The Buzz: March 2019

The Buzz: March 2019
Sometime times you just gotta go old school to trick ‘em.

Welcome to the spring transition! There will be days when you can’t make a mistake and then there will be days when nothing makes sense. March can be one of the best months for wade fishing in Galveston Bay. Temperatures will be fairly mild on average but we’ll still see a few northers reaching the coast. Wind is a given, mostly from the east and southeast, unless a norther rolls in. Wade fishing is usually way more productive compared to staying in the boat, due to the near-constant winds.

Start up a fishing discussion this time of year and “transition” is probably going to be one of the main topics, and rightfully so, it’s a huge part of what we have to deal with finding fish and getting them to bite. The transition is the time period when fish are moving from preferred winter habitat of deep mud and shell to sandy shorelines and other shallow habitat as the water begins to warm.

With that being said, we experienced a relatively mild winter and, depending the temperature trends, we actually saw some transitioning occurring in February. Fish movements aren’t necessarily automatic, sometimes you can barely notice it. What you will notice is that their feeding will become sporadic and might not occur every day. One day you can nearly knock their heads off and the next day in the same area the bite is pitiful. However, whenever you do find yourself in a feed it can be memorable.

Often times, finding a lure that is exactly what the fish are wanting can be challenging. The fish are tricky right now so you’ve got to give them what they want or present your lure with enough finesse to fool them into striking. This is part of the transition challenge.

As the water temperature rises, the fish will begin forming larger schools, which makes staying on them quite a bit easier, but that is not the case so far. They’re still spread out, so covering water must remain a major part of your strategy. Topwater lures figure into this, given the amount of water a wader can cover with them.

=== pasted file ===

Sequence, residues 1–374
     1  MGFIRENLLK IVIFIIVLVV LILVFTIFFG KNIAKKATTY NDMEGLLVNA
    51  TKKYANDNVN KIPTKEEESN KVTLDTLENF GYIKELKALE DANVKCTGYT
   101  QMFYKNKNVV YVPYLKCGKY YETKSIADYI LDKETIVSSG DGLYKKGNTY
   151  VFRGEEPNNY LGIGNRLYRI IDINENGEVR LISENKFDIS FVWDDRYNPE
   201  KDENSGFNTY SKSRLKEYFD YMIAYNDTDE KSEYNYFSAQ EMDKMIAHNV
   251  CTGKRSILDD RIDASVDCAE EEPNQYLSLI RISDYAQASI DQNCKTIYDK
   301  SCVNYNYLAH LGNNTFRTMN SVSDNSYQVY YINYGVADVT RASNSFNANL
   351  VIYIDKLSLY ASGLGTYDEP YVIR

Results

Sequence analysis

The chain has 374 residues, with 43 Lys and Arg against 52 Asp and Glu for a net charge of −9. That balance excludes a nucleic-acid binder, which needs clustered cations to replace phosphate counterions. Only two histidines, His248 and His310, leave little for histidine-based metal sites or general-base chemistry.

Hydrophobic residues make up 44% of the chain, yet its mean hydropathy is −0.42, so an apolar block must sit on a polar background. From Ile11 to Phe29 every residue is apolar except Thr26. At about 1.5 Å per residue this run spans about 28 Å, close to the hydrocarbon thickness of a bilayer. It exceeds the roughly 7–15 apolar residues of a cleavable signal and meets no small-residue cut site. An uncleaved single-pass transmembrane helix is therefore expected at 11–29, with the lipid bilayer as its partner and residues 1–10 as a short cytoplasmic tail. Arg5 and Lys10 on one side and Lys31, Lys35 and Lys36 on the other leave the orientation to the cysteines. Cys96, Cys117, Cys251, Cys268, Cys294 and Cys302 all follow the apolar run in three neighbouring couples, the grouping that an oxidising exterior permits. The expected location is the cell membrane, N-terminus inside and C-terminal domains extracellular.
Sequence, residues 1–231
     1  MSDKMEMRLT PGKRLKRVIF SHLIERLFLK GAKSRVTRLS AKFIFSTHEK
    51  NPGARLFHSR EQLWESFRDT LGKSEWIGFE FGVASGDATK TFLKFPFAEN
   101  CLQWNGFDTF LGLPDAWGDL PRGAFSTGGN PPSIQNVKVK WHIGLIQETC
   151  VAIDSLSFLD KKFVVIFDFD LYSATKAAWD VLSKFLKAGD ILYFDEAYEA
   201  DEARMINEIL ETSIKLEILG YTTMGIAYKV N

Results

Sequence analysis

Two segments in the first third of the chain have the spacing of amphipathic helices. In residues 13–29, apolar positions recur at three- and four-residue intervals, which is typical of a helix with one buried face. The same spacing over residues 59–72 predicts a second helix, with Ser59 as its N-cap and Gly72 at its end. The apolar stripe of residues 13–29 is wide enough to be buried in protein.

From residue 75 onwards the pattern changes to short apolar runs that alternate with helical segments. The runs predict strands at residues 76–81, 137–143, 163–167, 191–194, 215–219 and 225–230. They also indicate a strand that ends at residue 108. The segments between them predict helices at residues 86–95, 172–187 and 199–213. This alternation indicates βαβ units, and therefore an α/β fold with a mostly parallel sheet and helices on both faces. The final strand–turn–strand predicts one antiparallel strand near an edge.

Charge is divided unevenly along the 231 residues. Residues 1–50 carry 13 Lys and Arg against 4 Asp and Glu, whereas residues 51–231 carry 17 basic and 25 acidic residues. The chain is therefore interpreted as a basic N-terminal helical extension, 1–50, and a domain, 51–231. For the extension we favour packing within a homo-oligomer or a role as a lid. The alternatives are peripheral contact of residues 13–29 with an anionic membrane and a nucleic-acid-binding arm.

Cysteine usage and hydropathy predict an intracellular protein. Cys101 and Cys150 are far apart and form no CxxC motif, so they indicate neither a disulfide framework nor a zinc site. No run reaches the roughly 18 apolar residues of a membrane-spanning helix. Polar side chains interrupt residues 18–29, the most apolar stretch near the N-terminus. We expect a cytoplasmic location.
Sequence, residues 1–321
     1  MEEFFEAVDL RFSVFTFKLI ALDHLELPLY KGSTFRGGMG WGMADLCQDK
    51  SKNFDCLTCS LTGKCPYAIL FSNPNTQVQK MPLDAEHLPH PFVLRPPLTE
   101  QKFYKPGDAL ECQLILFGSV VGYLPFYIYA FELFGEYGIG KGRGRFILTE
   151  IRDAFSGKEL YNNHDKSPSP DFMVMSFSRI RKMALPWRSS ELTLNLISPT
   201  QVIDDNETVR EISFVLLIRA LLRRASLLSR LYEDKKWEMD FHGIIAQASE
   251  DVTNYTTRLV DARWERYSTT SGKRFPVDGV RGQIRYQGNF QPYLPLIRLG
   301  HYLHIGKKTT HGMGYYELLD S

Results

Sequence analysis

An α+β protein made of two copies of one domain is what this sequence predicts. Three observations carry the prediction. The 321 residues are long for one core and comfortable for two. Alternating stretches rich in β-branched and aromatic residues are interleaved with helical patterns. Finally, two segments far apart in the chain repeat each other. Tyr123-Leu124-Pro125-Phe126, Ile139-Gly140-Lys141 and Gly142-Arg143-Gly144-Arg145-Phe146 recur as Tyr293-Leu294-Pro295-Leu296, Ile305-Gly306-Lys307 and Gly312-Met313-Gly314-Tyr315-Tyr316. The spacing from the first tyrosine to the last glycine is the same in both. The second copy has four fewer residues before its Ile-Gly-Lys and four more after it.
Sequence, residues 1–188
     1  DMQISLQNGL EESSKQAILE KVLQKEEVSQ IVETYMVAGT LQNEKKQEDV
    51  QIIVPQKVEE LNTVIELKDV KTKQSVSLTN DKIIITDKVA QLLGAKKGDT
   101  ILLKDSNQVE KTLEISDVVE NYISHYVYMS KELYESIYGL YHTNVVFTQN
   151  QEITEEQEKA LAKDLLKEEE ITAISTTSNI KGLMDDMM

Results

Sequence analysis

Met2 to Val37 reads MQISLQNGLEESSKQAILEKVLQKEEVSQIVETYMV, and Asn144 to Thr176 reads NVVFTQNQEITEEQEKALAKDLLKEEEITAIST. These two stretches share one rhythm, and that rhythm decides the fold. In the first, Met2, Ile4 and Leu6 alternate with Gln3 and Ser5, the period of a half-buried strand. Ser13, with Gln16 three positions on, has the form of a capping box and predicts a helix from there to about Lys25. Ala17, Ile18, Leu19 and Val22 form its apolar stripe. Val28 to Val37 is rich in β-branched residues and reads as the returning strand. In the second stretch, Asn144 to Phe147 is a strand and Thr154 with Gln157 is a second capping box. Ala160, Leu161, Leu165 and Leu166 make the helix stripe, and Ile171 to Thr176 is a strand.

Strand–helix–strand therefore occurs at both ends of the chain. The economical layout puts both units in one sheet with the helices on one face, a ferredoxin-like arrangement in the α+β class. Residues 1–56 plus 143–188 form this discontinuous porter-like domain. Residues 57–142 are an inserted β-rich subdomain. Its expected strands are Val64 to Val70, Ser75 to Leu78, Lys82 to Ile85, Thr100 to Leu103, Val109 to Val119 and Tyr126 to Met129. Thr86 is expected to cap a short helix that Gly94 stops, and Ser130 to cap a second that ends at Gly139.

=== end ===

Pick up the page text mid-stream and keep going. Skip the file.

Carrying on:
During the warming stretches of the coming weeks I’ll be using topwaters whenever bait is visibly present. Even though the Corkys aren’t my favorite lure for covering a lot of water, don’t be shy about tying one on quickly if the topwaters show you they’re there but only blowing up and not committing. Ditto your favorite soft plastic or maybe a 51 or 52 MirrOlure.  

Downsizing lures can pay dividends anytime smaller bait is prevalent in an area – glass minnows, small shad and smaller mullet. MirrOlure offers a great line of lures that “match the hatch” very well with their MirrOdines and the softer Corky version – the Soft-Dine. The 17MR, 27MR and Soft-Dine are great lures for this downsizing approach; their small body and shad-like profile are dynamite for getting strikes when the fish seem less interested in a big meal.

When throwing plastics, I prefer to downsize my jighead weights as well. If I would normally throw an 1/8-ounce head, I drop down to the 1/16 or even a 1/32 to create a slower fall through the water column.

West Galveston Bay

West Bay has been the most consistent of all our bays lately, including some very good weights from time to time. Stingers of trout and redfish have been coming reliably from south shoreline coves on warmer days. Cooler days have been better on mid-bay reefs and more isolated structure. As March develops we should see more action towards sandier bottoms.

East Galveston Bay

East Bay is currently holding a lot of fish but it’s all about timing. You can be in an area where everything looks textbook but with little success. You’ve just got to grind them out. The warmer it gets, the further the fish will spread away from the back of the bay heading towards harder sand and shell. The south shoreline of East Bay is a great place to escape the hard southerly winds that dominate March weather.

Upper Galveston Bay

The Upper Galveston Bay region has been holding a lot of fish but fairly inconsistent after hard winds and during warming trends. The great tidal flow coming up the Houston Ship Channel will restore water clarity very quickly, which means the fishing can turn back on sooner than you expect it might. MirrOlures and Corkys have been the ticket here the past several weeks. This is an area where March’s transition period can really get you to scratching your head.